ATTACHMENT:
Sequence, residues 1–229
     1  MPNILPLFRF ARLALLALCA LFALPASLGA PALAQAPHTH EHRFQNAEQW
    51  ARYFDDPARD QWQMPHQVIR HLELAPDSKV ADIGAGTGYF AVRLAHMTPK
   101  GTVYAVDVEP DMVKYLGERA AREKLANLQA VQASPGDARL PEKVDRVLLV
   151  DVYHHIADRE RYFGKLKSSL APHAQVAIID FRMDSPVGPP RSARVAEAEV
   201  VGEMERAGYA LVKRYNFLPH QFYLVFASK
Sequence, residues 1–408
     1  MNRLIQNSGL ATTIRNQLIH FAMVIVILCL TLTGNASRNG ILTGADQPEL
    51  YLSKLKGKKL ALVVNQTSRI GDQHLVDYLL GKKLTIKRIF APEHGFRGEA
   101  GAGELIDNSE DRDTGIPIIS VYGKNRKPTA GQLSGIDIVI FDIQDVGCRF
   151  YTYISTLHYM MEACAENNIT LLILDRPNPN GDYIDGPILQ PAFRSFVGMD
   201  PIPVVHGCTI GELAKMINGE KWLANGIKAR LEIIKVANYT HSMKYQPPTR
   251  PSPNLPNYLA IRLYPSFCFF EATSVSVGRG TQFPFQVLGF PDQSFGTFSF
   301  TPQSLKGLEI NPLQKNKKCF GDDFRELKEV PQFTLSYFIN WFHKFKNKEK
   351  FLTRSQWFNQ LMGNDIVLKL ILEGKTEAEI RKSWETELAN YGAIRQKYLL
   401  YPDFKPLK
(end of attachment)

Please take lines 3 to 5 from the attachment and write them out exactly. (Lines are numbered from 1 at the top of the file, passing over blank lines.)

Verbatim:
    51  ARYFDDPARD QWQMPHQVIR HLELAPDSKV ADIGAGTGYF AVRLAHMTPK
   101  GTVYAVDVEP DMVKYLGERA AREKLANLQA VQASPGDARL PEKVDRVLLV
   151  DVYHHIADRE RYFGKLKSSL APHAQVAIID FRMDSPVGPP RSARVAEAEV